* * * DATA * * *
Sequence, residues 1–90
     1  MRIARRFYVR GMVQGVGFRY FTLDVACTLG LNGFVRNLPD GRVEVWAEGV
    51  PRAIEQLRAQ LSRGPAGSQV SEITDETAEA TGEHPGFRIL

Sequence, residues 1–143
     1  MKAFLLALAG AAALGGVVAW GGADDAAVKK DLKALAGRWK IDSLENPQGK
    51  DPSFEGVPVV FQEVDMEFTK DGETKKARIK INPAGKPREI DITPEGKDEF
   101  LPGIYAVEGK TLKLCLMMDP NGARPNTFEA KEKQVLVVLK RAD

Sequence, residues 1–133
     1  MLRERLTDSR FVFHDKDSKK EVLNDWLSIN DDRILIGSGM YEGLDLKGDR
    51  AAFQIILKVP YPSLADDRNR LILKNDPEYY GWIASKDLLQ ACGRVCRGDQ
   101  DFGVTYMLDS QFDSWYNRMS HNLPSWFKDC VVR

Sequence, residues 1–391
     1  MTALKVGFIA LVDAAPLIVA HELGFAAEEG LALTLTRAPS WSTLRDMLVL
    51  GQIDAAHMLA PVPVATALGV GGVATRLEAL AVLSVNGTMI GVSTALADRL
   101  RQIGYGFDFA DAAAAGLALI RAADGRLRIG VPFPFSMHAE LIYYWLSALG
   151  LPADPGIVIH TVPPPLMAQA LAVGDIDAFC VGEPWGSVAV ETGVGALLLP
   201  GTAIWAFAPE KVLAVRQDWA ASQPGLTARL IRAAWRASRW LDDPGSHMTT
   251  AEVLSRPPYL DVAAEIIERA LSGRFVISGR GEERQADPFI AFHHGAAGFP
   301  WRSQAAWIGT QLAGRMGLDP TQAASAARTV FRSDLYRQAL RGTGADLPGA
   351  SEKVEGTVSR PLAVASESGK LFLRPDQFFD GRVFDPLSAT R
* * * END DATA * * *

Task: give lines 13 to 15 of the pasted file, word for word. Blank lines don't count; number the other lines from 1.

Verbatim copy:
     1  MTALKVGFIA LVDAAPLIVA HELGFAAEEG LALTLTRAPS WSTLRDMLVL
    51  GQIDAAHMLA PVPVATALGV GGVATRLEAL AVLSVNGTMI GVSTALADRL
   101  RQIGYGFDFA DAAAAGLALI RAADGRLRIG VPFPFSMHAE LIYYWLSALG